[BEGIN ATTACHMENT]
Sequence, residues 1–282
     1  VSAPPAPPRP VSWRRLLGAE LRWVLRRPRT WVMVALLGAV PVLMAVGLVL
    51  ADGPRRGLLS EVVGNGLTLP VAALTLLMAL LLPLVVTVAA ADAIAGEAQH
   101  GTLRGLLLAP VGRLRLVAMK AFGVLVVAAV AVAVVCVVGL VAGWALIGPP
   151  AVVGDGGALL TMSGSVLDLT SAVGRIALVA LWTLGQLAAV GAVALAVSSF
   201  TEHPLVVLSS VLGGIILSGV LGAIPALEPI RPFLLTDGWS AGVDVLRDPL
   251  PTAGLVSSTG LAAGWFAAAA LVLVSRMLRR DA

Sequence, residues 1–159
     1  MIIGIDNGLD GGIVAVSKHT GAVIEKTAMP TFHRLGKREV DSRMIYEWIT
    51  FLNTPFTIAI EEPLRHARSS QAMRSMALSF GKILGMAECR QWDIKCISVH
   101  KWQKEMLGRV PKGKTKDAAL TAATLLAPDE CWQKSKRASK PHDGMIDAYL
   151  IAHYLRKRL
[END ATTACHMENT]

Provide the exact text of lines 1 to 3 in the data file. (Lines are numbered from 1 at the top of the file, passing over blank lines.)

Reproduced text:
Sequence, residues 1–282
     1  VSAPPAPPRP VSWRRLLGAE LRWVLRRPRT WVMVALLGAV PVLMAVGLVL
    51  ADGPRRGLLS EVVGNGLTLP VAALTLLMAL LLPLVVTVAA ADAIAGEAQH